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The customer’s not a statistic, she’s your wife

At the end of this month’s MoM I’ve got a great little story about the ultimate bit of customer service. But first, let me ask you something.

How do you get your knowledge of your customers?

Here are some channels many marketers rely on:

  • Database reports
  • Market research surveys
  • Transcripts of focus groups
  • Analysis from mailing or fulfilment houses
  • What their advertising agencies tell them

Now, these are all very useful sources. IF you want to rely on second- or third-hand information. AND you only want aggregated data about your customers as a group.

But what do they tell you about individual customers? You know. People.

It’s all too easy to just sit at our desks piddling around with one Office document or another, reading stuff. Or, heaven help us, sitting in front of yet another P****Point presentation.

Some people (me included) prefer words. Others are happier with spreadsheets or databases. But the ‘insights’ you glean are jejune, far removed from the flesh and blood men and women (maybe children) who actually buy from you.

Here’s what I suggest instead.

Get down to the engine room

I’m willing to bet you work in an office, cubicle or open-plan desk-desert. Any customers up there? I thought not. So, put your phone on divert, leave an ‘out of office’ message on your email and go…

to one of your shops to your call centre to your customer service department to an exhibition to a conference to a client’s office with one of your sales people (or even on your own: ooh, scary!)

…and when you get there, start talking to your customers.

Observe them. Figure out (or simply ask them) what they want from your products, your company, even you personally. Then, next time you sit down to write some copy to one of them, you’ll have a HUGE advantage.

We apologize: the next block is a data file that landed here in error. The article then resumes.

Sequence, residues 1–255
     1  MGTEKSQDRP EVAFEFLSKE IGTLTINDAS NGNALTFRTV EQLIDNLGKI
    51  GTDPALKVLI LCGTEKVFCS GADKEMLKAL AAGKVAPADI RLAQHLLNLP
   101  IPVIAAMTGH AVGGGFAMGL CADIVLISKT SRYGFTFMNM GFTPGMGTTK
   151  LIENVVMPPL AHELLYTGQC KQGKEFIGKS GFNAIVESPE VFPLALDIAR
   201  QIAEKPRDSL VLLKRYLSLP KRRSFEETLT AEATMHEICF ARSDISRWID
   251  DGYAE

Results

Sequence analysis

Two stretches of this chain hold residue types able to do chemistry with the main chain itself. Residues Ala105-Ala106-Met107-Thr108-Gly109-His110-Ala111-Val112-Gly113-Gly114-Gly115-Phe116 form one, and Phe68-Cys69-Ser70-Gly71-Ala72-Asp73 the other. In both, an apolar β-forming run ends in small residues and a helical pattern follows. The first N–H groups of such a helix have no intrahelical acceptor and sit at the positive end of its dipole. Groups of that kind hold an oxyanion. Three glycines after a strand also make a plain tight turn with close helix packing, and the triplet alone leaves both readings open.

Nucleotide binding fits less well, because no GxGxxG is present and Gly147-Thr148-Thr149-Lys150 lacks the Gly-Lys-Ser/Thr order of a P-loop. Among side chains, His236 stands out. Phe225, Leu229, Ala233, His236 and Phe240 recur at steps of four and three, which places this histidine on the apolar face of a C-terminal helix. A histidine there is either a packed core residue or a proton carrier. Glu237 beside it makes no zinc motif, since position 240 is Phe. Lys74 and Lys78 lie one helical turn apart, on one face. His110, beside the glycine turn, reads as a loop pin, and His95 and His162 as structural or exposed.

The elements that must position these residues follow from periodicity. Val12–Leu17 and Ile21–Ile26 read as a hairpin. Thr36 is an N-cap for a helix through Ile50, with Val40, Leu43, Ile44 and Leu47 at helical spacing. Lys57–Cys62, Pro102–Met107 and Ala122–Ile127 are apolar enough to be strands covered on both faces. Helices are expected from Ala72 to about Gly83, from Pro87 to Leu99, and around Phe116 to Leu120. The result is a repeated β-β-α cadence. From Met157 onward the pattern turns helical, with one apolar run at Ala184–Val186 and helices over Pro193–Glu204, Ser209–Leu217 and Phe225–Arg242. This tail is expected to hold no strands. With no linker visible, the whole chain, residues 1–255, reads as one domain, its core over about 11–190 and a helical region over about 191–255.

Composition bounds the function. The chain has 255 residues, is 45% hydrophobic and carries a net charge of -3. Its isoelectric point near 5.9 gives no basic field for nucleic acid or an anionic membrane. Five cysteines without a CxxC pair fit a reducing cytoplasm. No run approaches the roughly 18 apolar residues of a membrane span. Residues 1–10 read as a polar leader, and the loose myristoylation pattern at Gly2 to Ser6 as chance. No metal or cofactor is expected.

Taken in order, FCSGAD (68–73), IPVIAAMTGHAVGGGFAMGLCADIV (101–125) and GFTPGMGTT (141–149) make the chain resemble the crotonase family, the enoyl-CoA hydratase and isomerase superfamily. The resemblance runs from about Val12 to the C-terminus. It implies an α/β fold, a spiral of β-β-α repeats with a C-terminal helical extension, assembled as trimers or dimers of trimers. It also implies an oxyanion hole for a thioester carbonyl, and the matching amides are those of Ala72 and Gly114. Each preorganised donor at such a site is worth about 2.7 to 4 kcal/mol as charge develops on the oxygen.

You’ve actually met them and spoken to them.

Keep it real

Now there are no more leaps of the imagination as you try to adopt the right tone of voice.

No more wondering if you’re pressing the right buttons.

No more lacklustre letters filled with stuff your reader doesn’t care about.

Instead, all you have to do is write down what you’d be saying to them if you were back in the shop, on the phone or at the trade show.

I recently finished the copy for a mailshot for a new women’s magazine. My research was easy. I asked my wife and my other women friends to write the copy for me. (Well, OK, I did the keyboard bashing, but they told me what to write.)

And because these are real people, I could see them and hear how they talk. I know what they wear, how old they are, what their concerns are and what’s likely to make them subscribe.

I also got to sit outside my favourite café in Salisbury’s Market Square with a cappuccino reading a pile of women’s magazines and watching the girls go by (all in the name of empathising with my reader, naturally).

Go ask Frank

I mentioned sales people a minute ago. These are one of your greatest resources as a copywriter. Unlike those of us who spend the greater part of our time chained to a desk, sales people (or the good ones, anyway) spend the greater part of theirs in front of clients.

So sales people KNOW what makes customers tick. Buy them a beer and they might even tell you.

And my point is?

Marketers face a real and ever-present risk of becoming detached from their customers.

In place of human contact we have bits of paper and other people’s opinions. Yes I know you’re busy but busy doing what?

Preparing quarterly budgets and forecasts is NEVER going to be more important than talking to customers. I don’t care what your FD says. Now for that story I promised you.

I got mis-sold a line upgrade by BT recently. The saleswoman omitted to tell me I’d need to dial nine before every call. If she had, I would never have signed the order.

So I then had to get all three office lines put back to their original status. I ended up emailing BT’s CEO to vent my ire. And guess what?

Ben Verwaayen (for it is he) emailed me back. Personally. In half an hour. From his Blackberry. He clearly rated talking (OK, emailing) to customers higher than whatever he was doing at the time. And so should you.

Categories: Customers and Maslen on Marketing.

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